The real estate investment wave remaking Echo Park and Silver Lake is spreading south of the Hollywood Freeway.
An upscale apartment complex is under construction on a former vacant lot on Temple Street in Los Angeles' Westlake district. The 67-unit complex is one of several projects underway or planned along gritty Temple as builders look to provide housing for young professionals and others near resurging downtown Los Angeles and the increasingly hip and expensive burbs of Echo Park and Silver Lake.
The Hom Temple apartments, near Hoover Street, consist of 61 one-, two- or three-bedroom market-rate apartments, with the smallest starting at $1,500 a month. There will also be six units reserved for low-income tenants.
Two courtyards are planned, with barbecues, water features and fire pits. Residents will be able to work out in a fitness center and play pool or cook meals in a club house. A small retail space is also planned, which the developer, Beverly Hills-based Sharp Capital, hopes to fill with a local coffee shop.
"This little pocket has been kind of neglected for some years," Sharp Capital principal David J. Shophet said of the area around Temple between Glendale Boulevard and Virgil Avenue. "We think the area is generally ripe for development."
Todd Wexman thinks so too. Late last year, his 4Site Real Estate firm broke ground on a 49-unit complex near Glendale and Temple, just south of Echo Park Lake and the 101 Freeway. When the project opens, which Wexman hopes will happen in April, there will be a pool, gym and solar panels to power the residential units.
Wexman said rents at the development — where several small, aging apartment buildings once stood — should range from around $1,550 to $2,700.
More residential projects are coming to the northern reaches of Westlake, also known as Historic Filipinotown, said broker Paul Darrow of Marcus & Millichap, who has helped broker deals in the area.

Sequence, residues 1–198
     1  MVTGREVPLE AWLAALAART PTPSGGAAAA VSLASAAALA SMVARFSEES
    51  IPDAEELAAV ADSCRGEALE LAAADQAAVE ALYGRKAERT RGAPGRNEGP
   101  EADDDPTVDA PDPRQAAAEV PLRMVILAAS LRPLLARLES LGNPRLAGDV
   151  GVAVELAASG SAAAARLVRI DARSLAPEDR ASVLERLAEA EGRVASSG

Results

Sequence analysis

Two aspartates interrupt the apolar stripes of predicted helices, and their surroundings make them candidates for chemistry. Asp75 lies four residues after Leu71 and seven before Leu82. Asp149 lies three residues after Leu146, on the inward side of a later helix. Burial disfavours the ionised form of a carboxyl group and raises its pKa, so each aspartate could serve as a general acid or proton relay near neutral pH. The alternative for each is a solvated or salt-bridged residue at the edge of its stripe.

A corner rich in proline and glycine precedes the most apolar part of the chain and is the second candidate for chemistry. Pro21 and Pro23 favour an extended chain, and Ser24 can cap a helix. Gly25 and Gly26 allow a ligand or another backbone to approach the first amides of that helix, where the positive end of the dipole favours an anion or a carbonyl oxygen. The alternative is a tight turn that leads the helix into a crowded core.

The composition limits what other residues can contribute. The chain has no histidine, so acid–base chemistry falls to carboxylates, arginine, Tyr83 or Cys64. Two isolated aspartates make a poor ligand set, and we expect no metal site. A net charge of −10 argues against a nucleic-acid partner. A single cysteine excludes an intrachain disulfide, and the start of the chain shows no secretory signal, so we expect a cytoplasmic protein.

Facing land constraints and immense competition from other builders in Hollywood, Echo Park and Silver Lake, developers have looked to the area around Temple, seeking to provide new apartments near downtown Los Angeles while offering less expensive rents than those in nearby areas, Darrow said.
"They're filling a gap in the marketplace which has been sort of dormant for many years," he said.
Shophet expects many residents to be those who are priced out of Silver Lake and Echo Park, but who wish to remain close to bustling Sunset Boulevard. The framing on the project is nearly complete and it is scheduled to open in July.
"I see it becoming an extension of Silver Lake," Shophet said of the neighborhood.
For now, the working-class area is home to modest older houses and apartments. Low-slung commercial buildings line Temple: discount stores, mini-marts, restaurants, auto body shops. In 2002, the city named the area, where many Filipinos settled decades earlier, Historic Filipinotown. However, at the time, less than 15% of residents were Filipino while 65% were Latino, according to a district study.
The new developments have drawn concerns. Larry Gross, executive director of the tenant group Coalition for Economic Survival, fears the new projects will make the area more attractive to those with higher incomes, pushing rents in older apartments beyond what current residents can afford.
"If there is not some restrictions or restraints on this, Historic Filipinotown will not be a reference to the current residents, but a memory of the residents that once lived there," he said.
As more development arrives, it's important that affordable housing is also built, said Aquilina Soriano-Versoza, executive director of the Pilipino Workers Center.
"We are definitely not opposed to development and improving the neighborhood, but we need to make sure there is equitable development that creates spaces for all different incomes in the neighborhood and people are not pushed out."
The area is steeped in Los Angeles lore. In 1892, soon-to-be oil baron Edward L. Doheny and partner Charles A. Canfield used a sharpened 60-foot-long eucalyptus tree trunk as a drill to strike oil near the corner of Glendale Boulevard and Colton Street.
The find — less than a half-mile south of 4Site's project — triggered an oil boom that transformed L.A.
By 1950, the Hollywood Freeway had cut off the area from Silver Lake and most of Echo Park. So far, the 101 has served as a barrier to the gentrification that has swept those two neighborhoods in recent decades.
But with rents and home prices seeming to climb ever higher, development dollars are creeping south and jumping the freeway.
"Temple Street," Shophet said, "needs some love and attention."